The portable flame thrower, a standard weapon of pillbox assault teams, has not been used
extensively by the Japanese. However, the enemy is known to be equipped both with flame
throwers and with flame-thrower troops, and must be considered capable of using this
weapon extensively in future operations. Thus far he has used them only in isolated instances
ever since the start of the present Pacific war.
Two types of portable flame thrower are standard throughout the
Japanese Army—the Model 93 and the Model 100. However, since there is
so little difference between the construction of the two types, they may be regarded
virtually as identical weapons. Each model consists of three principal
groups: fuel unit, fuel hose, and flame gun. A modification in the construction of the
flame gun is the only difference between the two types of flame thrower.
|The Japanese flame thrower, showing the fuel and pressure
tanks, the flame gun, and the disassembled igniting-cartridge magazine.|
The flame-thrower fuel unit consists of two 15-inch cylindrical tanks, each of which
is 6 inches in diameter. Hemisphere-shaped at both ends, the tanks are connected at
the top and bottom by a welded pipe which permits fuel and pressure to flow
evenly in both tanks so that they may operate as a single unit. The total fuel
capacity is 3 1/4 gallons.
A third tank, slightly smaller but of the same shape, is included in the
fuel unit, and contains nitrogen or air under pressure. This pressure
cylinder is attached to the back and center of the two fuel tanks. Air
pressure, which forces the fuel from the tanks into the flame gun, is
let into the fuel tanks through a tube running from the top of the
pressure cylinder to the top of the left fuel tank. This pressure is
controlled by a manually operated needle valve, one on the top of each
of these two cylinders. The top of the right-hand fuel tank is fitted
with a screw cap for filling the containers with fuel.
This three-tank unit is fitted with straps which permit it to be carried
on the operator's back like an infantry pack.
The fuel hose, 45 inches long, is made of reinforced fabricated rubber
tubing, with brass fittings on both ends. One end is attached to the
bottom of the right-hand fuel tank, and the other is fitted to the flame gun.
The flame gun, which is either 3 or 4 feet long, consists of a fuel tube 1 inch in
internal diameter. The fuel ejection handle is located near the fuel hose connection, and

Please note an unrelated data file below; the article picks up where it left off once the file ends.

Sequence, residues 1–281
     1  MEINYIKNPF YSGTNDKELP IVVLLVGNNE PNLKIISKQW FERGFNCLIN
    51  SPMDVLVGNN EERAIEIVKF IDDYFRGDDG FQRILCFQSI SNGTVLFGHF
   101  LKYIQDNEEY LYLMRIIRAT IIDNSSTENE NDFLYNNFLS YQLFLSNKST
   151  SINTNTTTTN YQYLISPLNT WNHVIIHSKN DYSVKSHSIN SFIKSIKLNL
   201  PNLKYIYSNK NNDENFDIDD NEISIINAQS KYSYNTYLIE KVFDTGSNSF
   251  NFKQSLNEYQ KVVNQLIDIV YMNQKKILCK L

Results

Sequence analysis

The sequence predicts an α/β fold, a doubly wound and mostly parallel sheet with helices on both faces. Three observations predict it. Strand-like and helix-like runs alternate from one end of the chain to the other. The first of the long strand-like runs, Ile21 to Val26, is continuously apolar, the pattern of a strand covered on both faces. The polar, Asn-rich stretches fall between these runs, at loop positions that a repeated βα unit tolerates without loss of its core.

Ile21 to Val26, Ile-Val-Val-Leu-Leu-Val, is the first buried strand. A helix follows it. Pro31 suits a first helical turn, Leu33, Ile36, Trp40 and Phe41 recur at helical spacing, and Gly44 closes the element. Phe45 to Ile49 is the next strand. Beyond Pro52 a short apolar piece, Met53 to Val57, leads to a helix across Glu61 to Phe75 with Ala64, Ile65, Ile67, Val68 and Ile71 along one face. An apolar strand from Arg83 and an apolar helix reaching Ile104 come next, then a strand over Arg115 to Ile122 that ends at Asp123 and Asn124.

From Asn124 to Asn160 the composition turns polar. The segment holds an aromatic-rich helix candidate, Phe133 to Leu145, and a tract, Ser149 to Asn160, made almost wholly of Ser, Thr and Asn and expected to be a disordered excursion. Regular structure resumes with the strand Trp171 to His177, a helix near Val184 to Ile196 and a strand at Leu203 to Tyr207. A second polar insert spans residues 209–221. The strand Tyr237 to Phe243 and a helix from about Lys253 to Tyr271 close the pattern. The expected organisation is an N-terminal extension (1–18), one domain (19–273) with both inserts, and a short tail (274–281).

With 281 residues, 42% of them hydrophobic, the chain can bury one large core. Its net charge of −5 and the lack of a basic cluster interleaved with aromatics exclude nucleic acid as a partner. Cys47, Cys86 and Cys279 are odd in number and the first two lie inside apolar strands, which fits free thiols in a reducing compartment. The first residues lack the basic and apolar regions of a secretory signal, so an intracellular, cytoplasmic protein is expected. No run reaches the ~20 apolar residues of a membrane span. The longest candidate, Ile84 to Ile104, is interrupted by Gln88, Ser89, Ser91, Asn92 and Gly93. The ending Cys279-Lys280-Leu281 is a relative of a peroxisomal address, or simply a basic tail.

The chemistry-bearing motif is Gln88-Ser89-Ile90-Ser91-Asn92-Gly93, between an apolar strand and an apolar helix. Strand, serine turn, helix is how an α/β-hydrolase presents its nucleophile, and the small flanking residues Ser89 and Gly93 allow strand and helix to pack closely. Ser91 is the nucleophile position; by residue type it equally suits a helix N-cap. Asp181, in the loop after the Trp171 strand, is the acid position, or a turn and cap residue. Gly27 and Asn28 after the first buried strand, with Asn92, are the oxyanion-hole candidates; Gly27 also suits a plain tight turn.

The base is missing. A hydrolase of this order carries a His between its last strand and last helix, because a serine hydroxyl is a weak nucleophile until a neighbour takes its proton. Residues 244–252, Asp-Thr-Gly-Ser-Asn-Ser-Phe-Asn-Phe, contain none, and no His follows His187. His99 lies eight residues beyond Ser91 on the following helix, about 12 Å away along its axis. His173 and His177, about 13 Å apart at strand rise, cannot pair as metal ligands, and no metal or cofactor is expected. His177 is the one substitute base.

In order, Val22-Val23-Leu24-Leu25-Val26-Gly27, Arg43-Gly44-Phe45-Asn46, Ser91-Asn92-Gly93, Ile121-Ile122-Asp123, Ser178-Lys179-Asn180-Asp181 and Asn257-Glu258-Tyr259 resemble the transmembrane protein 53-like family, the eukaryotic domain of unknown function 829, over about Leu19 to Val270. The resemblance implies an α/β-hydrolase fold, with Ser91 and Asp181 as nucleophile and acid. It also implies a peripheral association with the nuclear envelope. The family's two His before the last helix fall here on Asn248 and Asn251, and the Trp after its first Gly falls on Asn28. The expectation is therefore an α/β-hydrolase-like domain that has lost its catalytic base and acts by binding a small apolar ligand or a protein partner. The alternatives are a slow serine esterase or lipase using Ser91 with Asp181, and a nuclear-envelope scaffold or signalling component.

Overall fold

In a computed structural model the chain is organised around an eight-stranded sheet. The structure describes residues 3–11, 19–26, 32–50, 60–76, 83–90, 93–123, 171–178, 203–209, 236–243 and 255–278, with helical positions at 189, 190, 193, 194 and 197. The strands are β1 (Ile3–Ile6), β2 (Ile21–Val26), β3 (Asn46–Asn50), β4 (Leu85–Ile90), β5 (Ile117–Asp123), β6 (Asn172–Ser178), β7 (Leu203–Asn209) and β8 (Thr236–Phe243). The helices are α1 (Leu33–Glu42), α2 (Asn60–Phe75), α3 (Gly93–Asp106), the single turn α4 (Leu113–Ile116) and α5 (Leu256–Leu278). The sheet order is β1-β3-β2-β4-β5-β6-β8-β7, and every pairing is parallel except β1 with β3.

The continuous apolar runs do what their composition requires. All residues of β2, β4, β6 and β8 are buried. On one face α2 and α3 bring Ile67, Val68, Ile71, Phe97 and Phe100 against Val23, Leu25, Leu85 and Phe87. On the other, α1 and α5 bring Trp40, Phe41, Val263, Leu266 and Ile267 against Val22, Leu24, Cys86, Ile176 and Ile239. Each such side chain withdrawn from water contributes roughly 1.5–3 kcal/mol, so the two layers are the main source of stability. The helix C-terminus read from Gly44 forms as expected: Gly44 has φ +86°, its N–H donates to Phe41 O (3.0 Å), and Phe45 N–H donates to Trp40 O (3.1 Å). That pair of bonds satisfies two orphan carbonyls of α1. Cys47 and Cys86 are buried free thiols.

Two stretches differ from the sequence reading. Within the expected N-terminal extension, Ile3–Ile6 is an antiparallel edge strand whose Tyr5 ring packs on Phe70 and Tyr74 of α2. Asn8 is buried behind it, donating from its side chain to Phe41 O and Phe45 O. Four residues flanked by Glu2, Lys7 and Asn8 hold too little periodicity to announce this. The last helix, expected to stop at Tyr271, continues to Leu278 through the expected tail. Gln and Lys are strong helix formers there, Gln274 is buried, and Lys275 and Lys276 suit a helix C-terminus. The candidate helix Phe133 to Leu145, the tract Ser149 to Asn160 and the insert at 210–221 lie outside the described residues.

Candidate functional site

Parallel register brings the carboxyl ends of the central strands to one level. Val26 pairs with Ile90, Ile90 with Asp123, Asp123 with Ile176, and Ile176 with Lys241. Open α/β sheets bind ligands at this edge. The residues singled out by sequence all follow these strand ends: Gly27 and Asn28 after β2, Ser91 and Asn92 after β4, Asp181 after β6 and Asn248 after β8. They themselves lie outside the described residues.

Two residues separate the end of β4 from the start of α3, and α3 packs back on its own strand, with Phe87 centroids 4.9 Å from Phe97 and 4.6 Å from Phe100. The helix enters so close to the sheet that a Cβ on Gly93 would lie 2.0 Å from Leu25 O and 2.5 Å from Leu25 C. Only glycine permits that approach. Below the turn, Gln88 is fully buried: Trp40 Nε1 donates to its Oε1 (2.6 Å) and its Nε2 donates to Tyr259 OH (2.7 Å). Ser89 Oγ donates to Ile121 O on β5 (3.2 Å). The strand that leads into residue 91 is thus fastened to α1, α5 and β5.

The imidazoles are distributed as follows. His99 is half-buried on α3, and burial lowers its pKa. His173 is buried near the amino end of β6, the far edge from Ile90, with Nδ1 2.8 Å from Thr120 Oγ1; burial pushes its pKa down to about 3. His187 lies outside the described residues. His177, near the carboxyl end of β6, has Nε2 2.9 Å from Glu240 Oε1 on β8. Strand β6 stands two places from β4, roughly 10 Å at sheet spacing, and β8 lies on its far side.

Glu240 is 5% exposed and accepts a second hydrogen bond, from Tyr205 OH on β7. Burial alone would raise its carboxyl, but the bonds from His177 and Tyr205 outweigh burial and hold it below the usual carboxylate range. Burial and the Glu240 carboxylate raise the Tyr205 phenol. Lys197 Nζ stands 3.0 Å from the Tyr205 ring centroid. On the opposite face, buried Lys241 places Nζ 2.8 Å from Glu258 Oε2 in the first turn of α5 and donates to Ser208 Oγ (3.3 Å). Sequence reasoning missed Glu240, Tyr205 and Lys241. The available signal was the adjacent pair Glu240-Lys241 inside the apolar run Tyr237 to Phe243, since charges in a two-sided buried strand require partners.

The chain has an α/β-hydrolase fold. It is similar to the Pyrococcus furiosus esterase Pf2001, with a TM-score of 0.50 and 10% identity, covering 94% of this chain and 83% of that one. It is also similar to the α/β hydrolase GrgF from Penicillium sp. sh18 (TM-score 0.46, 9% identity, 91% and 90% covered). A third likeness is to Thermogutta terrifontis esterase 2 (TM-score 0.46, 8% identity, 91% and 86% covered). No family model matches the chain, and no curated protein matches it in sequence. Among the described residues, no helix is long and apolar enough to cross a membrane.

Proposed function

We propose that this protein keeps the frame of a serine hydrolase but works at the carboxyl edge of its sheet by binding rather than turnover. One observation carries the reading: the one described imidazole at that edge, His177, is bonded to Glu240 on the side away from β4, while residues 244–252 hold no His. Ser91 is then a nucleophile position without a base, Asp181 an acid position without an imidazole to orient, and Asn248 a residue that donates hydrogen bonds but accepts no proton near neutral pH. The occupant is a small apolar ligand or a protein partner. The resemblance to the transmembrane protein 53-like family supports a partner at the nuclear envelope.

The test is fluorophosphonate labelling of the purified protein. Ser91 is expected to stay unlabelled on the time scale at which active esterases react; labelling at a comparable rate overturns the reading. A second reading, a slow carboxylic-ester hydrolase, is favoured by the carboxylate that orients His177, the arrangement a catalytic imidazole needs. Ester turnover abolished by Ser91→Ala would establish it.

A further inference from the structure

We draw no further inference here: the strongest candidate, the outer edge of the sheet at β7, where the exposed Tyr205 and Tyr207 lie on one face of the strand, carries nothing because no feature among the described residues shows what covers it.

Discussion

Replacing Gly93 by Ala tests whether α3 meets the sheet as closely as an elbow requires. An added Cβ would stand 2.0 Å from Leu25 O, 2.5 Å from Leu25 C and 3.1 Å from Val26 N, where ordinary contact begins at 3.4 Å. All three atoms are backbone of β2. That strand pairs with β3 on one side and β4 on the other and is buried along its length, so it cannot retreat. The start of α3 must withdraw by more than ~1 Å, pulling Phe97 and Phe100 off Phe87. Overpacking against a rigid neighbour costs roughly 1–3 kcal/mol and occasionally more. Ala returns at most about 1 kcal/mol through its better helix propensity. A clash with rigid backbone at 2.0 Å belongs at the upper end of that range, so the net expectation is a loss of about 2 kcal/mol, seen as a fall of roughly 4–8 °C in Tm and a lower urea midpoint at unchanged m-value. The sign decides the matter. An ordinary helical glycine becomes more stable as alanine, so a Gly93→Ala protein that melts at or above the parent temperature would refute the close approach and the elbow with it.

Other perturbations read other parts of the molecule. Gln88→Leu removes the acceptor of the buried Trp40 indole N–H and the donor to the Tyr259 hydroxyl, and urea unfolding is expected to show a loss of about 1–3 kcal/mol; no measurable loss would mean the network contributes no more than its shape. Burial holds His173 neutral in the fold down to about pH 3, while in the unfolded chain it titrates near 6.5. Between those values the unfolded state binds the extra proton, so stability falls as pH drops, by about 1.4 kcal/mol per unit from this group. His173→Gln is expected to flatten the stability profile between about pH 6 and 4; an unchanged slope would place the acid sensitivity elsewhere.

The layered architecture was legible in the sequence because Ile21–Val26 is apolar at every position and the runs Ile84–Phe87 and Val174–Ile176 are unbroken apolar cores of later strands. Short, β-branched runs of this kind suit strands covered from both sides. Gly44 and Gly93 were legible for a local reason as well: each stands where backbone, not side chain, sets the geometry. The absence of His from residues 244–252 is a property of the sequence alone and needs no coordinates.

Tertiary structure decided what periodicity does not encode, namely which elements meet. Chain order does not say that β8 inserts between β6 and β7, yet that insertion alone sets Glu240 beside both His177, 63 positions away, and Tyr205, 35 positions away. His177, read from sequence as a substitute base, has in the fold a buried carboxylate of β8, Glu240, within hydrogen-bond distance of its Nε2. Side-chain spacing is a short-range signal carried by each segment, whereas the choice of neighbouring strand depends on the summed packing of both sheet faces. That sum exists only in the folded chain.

the 1/4-inch nozzle with the firing mechanism is attached to the other end
of the tube.
The firing mechanism is a 10-chamber magazine resembling the magazine of an
ordinary revolver. Loaded with 10 rimless cartridges, it rotates around the
nozzle, and, when fired, ejects an ignition flash parallel to the spurt of
fuel. The cartridges are loaded into the front of the magazine, and are
held in place by a threaded retaining cap with holes in line
with the cartridge chambers.
The fuel ejection handle, which fires the cartridges when it opens the fuel
ejection valve, is in the closed position when it is parallel to the fuel
tube. When this handle is turned at right angles to the tube, a continuous
jet of fuel is released and a cartridge is fired, thus igniting the fuel. When
the handle is returned to its position parallel to the tube, the flow
of fuel stops, and the magazine revolves to place a new cartridge in
the firing position.
CHARACTERISTICS AND OPERATION
The Japanese flame thrower may be carried easily. When filled, the tank
assembly weighs 55 pounds. The fuel tanks will hold 3.25 gallons of fuel—a mixture
of kerosene, gasoline, and fuel oil. This fluid can be thrown to a maximum
range of 25 to 30 yards. The duration of a continuous discharge is
from 10 to 12 seconds.
To operate the flame thrower, the operator first opens the valve on the pressure
tank. The valve on the left fuel tank then is opened, and the gun is ready for
firing. To fire, the operator aims the gun at his target, and turns the fuel
ejection handle on the gun 90 degrees to the right. This simultaneously
ejects the fuel and ignites it when the igniting cartridge fires. To
shut off the fuel, the fuel ejection handle is returned to its original position.
JAPANESE FLAME-THROWER TROOPS
It is known that flame-thrower companies exist in the Japanese Army, and that
Japanese infantry also have used this weapon. Division engineer regiments are
equipped with from six to a dozen.
Like other armies, the Japanese Army employs flame throwers principally in
assault operations against pillboxes and similar fortifications.
The Japanese also use the flame thrower as an antitank weapon. Experiments have
convinced them that a flame thrower either can temporarily stop a tank and thus
leave it vulnerable to destruction by explosives, or—if the weapon is
used to full effect against the air intakes—can put the tank
and crew permanently out of commission.